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BCM leaders renewed, refocused after Summit

BCM leaders from across the country enjoy a time of fellowship around the tables during this year’s Baptist Collegiate Network Leadership Summit at First Baptist Church Collierville, Tenn.

COLLIERVILLE, Tenn. (BP) – Cole Rogers said he picked up numerous new ideas during the 2024 Collegiate Leadership Summit. 

But Rogers, collegiate ministry specialist at Belmont University, said that wasn’t his biggest take-away from the three-day event.

Instead, Rogers said that being reminded that college ministry is about “being centered on prayer more than trying to plan things and get down all the details” is what had the biggest impact on him during the event, which was held this year at First Baptist Church, Collierville. 

Rodney Norvell, collegiate ministry specialist at the University of Tennessee in Knoxville, agreed that the conference was much more than just a seminar on how to better organize activities and events.

“Personally, I love the spiritual renewal that comes out of worshiping with the other collegiate ministers from all over the nation,” Norvell said. “We have a time of soul care, great learning opportunities and challenges from some great giants of the faith.”  

The Collegiate Leadership Summit, held every three years, is sponsored by Baptist Collegiate Network — an organization of state convention collegiate leaders.

Bill Choate, collegiate ministries director and Harvest Field 3 ministry leader for the Tennessee Baptist Mission Board, said the Summit, held this year May 1-3, was developed “to train and encourage SBC leaders from across North America.” Choate noted that “most of the work developing the event is done by local collegiate ministers on campuses in multiple states.” 

This year, 750 leaders gathered for three days of worship, prayer, breakout sessions, training and fellowship. Training is provided for both campus and church-based ministries. 

Zak Tucker, families pastor at FBC Collierville and a former BCM member during his college days at the University of Memphis, said the church was honored to host Summit.

“I know the impact college ministry can have,” Tucker said, “and our church believes in college ministry. Of course, I initially picked up the phone because my own college minister (Jeff Jones) called and asked if our church could host. It was a great opportunity for FBC to step up and encourage a large group of college ministers from across the entire SBC.”

Jonathan Chapman, collegiate ministry specialist at East Tennessee State University in Johnson City, said that getting to know other BCM leaders from around the country is always one of his favorite parts of Summit.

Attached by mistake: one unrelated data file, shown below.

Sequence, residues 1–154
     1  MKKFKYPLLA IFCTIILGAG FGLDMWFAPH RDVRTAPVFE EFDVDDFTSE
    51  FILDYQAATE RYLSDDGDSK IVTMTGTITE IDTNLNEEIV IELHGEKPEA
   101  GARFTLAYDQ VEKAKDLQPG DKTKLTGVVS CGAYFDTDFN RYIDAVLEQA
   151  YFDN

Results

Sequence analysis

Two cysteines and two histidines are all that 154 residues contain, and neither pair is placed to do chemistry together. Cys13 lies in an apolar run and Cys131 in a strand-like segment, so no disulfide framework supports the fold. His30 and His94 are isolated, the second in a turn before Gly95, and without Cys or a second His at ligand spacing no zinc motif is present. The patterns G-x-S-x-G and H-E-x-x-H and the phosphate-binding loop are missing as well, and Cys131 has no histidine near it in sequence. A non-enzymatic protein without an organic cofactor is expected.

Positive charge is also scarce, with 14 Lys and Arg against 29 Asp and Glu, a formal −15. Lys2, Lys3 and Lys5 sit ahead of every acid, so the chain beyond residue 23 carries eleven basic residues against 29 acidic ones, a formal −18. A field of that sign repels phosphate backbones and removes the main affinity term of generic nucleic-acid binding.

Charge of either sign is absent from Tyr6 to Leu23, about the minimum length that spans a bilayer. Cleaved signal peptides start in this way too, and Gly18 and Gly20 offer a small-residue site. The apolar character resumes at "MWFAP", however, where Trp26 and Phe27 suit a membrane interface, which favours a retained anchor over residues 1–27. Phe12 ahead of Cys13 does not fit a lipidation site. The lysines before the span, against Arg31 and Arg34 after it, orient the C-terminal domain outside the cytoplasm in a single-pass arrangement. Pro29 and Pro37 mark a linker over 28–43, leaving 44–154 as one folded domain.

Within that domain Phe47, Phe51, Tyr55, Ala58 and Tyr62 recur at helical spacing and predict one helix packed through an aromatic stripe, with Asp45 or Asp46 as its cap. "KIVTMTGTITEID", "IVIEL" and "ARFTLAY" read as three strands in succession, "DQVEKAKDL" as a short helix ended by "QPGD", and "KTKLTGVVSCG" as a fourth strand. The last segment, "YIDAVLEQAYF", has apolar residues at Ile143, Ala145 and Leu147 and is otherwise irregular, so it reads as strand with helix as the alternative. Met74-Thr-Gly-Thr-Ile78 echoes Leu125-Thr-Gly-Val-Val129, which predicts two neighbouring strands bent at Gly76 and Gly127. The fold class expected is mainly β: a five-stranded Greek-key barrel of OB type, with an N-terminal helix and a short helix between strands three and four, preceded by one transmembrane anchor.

“While the messages, worship, breakouts and everything else were amazing, at the end of the day, the greatest thing at collegiate Summit is the networking,” Chapman said. 

“Being able to spend time with fellow directors from all around the country, sharing ideas, catching up and telling stories is just awesome. Each of our BCM ministries is so unique, and it is nice to be around other BCM directors who can relate.”

Norvell said the conference was a source of encouragement for the BCM leaders, reminding them of just how important their role is on campuses across the nation.

“The biggest take away is that college ministers are on the front lines of culture wars in our country,” said Norvell. “It is one of the greatest areas of need for the church to be strategic and influential.”

Chapman said he saw a large number of fresh faces at this year’s Summit.

“There were so many more young people there this time — and that was just fantastic,” he said. “Campus missionaries, for sure, but also younger BCM directors. The youthfulness and conversations from it were a blessing to see. It’s always an honor to observe and encourage the future of BCM.”

Choate said the conference is a time of renewal for the often-exhausted BCM leaders — something that they all need as the school year comes to a close. 

“This event is a huge boost to our Tennessee BCM team’s spirits,” said Choate. 

“It comes at the end of a school year of hard work,” Choate said. “Our people both learn from great trainers and are also leading breakout sessions themselves.  The sense of community — days and nights with brothers and sisters who share the same calling — is rare and encouraging.”

Many BCM leaders from outside Tennessee traveled long distances to be at Summit.

Ken Harmon, Baptist Collegiate leader in the Pacific Northwest, said: “We make the trip to Summit for several reasons, but the big one is relationships. This is the biggest family reunion in the collegiate ministry world. 

“This event also exposes our collegiate ministers to a broader collegiate work,” he said. “They are learning from people doing effective ministry all across North America.”

Kendal Danford, Baptist Collegiate Minister at Francis Marion University in Florence, S.C., said she attended the conference for several reasons.

“For us, the benefit of attending Summit is to be around people who do what we do and can teach us fresh ways of doing it,” Sanford said. “I’m also here for the encouragement. Overall, we just want to make college ministry in South Carolina even better.”

Marilyn McClendon, Maine collegiate coordinator, said the conference checks many boxes for her.

“Of course I’m here to see people,” she said. “And there’s always more to learn. This meeting is always an opportunity for me to reaffirm my call to minister to college students in Maine.”

Harmon summed up Summit by saying: “I’ll miss a lot of other meetings, but I won’t miss this one.” 

This article originally appeared in the Baptist and Reflector.